Self-assembled optical cavities can reach a strong-coupling state that supports polariton formation
A team of researchers at Chalmers University of Technology has found a way to create self-assembling optical cavities that can reach a strong-coupling state that supports polariton formation. In their paper published in the journal Nature, the group describes how their optical cavities were made and possible uses for them. Johannes Feist with the Autonomous University of Madrid has published a News and Views piece on the work done by the team on this effort in the same journal issue.
Optical cavities are arrangements of mirrors that trap light. They are one of the major components of lasers. In this new effort, the researchers were working with tiny metal flakes that they believed could be used to create an optical cavity. To that end, they created an organic, ionic compound solution that held charged ions (both positive and negative). They then suspended tiny metal flakes in the solution, which coated the flakes with double layers of the ions, giving them a net positive charge—a situation that would normally lead to the flakes repelling one another completely. However, the flakes were also characterized by a Casimir force, which served to counterbalance the repelling forces. They arose due to random electron motion in the metal flakes. Together, the two forces resulted in the metal flakes self-assembling into mirrored pairs with a very small distance between them (approximately 100–200 nm), notably smaller than the diameter of the flakes. That space was found to trap light, which meant it was an optical cavity.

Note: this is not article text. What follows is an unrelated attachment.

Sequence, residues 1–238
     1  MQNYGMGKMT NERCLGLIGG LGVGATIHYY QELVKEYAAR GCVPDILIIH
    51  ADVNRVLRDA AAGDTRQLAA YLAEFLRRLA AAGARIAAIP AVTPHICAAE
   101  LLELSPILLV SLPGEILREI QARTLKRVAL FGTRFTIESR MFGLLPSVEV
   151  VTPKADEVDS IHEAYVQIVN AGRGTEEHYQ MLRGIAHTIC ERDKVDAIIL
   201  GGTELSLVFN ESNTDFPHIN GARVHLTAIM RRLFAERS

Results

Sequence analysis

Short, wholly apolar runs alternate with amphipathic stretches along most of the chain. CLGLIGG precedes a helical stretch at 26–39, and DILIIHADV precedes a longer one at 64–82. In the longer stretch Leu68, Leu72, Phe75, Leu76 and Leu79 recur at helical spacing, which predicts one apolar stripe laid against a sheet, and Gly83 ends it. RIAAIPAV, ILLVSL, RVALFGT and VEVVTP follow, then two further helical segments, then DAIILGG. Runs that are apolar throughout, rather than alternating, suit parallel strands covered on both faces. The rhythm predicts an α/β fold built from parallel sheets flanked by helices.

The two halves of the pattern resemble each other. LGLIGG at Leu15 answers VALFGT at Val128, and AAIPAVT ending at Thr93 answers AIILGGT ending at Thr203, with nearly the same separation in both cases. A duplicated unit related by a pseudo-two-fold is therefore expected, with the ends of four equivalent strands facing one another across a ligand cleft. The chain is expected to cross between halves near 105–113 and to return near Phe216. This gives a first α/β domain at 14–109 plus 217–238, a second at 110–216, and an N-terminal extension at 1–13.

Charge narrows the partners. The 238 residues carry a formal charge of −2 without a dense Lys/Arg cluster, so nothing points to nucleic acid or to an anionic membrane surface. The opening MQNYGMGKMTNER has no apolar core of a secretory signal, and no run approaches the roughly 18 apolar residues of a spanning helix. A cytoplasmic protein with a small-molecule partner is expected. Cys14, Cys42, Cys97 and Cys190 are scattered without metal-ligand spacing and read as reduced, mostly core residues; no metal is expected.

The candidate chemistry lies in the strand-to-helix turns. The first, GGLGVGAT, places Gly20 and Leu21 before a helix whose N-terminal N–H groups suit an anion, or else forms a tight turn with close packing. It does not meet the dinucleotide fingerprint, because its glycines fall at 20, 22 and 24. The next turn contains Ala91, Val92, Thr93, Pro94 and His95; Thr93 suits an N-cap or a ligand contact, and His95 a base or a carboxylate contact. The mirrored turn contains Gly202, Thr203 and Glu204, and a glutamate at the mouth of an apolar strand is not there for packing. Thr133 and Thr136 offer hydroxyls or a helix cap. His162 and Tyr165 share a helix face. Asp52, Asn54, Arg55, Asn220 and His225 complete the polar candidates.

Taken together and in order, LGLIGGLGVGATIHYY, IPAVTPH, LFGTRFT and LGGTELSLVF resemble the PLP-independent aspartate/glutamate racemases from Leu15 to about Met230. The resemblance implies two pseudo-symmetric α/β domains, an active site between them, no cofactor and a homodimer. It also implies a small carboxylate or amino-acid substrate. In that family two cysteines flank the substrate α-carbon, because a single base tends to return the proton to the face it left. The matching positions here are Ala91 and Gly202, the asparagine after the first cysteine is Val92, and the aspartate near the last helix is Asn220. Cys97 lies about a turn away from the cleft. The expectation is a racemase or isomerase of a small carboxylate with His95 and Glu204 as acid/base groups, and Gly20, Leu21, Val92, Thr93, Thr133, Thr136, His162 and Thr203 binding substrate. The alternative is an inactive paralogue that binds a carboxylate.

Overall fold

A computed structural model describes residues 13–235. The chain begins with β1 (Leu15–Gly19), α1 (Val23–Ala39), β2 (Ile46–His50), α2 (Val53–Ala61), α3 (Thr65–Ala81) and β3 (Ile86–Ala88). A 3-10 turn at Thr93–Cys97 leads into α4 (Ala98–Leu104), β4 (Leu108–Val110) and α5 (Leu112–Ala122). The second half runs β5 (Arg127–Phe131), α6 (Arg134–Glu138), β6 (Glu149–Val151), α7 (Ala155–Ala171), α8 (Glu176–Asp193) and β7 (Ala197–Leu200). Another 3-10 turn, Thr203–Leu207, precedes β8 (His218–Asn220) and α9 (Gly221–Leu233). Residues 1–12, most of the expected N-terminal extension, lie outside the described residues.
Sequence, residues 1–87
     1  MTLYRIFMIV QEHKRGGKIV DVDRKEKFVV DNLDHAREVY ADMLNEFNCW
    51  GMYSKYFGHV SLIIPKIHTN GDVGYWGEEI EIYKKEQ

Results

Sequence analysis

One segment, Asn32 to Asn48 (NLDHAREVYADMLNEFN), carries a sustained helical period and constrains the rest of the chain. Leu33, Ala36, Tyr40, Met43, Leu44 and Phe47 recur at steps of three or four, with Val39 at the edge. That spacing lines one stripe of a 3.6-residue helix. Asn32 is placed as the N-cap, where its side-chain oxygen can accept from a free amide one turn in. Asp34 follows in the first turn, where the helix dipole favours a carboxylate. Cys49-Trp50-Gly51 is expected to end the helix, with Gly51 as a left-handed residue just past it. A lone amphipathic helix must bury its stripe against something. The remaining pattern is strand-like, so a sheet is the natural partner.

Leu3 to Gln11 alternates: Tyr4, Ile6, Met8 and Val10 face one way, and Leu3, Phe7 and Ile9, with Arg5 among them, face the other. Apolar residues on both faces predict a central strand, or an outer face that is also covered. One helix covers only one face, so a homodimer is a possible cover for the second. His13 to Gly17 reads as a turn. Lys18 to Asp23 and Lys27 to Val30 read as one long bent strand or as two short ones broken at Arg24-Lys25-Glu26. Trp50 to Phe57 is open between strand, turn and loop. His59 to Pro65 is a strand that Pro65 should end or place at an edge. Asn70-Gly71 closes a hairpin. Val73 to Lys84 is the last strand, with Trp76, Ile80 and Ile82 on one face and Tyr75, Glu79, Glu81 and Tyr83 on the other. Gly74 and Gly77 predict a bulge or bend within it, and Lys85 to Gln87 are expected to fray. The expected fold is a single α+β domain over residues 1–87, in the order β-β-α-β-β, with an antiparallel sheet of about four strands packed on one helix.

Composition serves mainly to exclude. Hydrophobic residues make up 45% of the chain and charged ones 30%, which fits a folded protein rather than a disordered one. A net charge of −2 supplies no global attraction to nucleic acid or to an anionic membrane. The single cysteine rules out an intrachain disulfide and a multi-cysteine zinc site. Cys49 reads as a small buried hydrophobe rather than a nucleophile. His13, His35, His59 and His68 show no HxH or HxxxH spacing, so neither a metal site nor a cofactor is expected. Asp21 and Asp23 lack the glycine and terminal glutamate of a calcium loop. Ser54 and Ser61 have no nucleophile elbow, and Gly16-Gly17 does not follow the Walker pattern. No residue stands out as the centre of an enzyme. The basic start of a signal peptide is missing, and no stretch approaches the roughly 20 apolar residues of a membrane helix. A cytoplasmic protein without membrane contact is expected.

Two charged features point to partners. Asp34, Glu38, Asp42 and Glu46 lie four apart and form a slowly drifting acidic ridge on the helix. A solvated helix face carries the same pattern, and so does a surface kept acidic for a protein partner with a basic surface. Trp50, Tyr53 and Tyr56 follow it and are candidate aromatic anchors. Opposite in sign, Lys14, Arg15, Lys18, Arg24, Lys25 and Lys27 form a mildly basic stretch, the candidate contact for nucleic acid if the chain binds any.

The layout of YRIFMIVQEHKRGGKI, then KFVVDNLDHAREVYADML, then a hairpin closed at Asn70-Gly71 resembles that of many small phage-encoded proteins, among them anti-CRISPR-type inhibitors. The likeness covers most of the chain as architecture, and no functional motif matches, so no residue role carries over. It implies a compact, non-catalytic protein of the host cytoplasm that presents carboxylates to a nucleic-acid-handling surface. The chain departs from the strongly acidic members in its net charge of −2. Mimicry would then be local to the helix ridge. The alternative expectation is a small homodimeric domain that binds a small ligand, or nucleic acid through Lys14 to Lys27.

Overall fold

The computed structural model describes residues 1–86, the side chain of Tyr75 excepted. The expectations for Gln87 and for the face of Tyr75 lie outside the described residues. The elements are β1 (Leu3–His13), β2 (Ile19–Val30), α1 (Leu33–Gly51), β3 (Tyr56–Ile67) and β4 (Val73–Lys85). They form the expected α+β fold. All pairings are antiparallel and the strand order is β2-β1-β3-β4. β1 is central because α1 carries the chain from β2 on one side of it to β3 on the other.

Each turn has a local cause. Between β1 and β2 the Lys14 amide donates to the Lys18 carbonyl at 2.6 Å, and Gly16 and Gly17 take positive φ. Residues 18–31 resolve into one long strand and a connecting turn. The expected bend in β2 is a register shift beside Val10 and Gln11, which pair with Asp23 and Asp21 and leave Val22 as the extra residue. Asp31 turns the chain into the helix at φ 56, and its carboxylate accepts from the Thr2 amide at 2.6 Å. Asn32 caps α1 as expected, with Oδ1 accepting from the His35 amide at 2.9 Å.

Optical cavities, such as those produced by the metal flakes, do not trap all the light in a system. They trap only certain frequencies, which allows them to form a standing wave. In such systems, the wavelength of the light that is trapped is determined by the length of the cavity. The researchers found that by manipulating the optical cavities, they could push them to support polariton formation. They note also that changing the distance between the metal flakes by altering the concentration of ions in the solution allowed for creating polaritons from different materials. They conclude that their approach could be used in a wide variety of applications, from optomechanical to polaritonic chemistry to nano-machinery.
More information: Battulga Munkhbat et al, Tunable self-assembled Casimir microcavities and polaritons, Nature (2021). DOI: 10.1038/s41586-021-03826-3
Johannes Feist, Hybrid light–matter states formed in self-assembling cavities, Nature (2021). DOI: 10.1038/d41586-021-02376-y
Journal information: Nature
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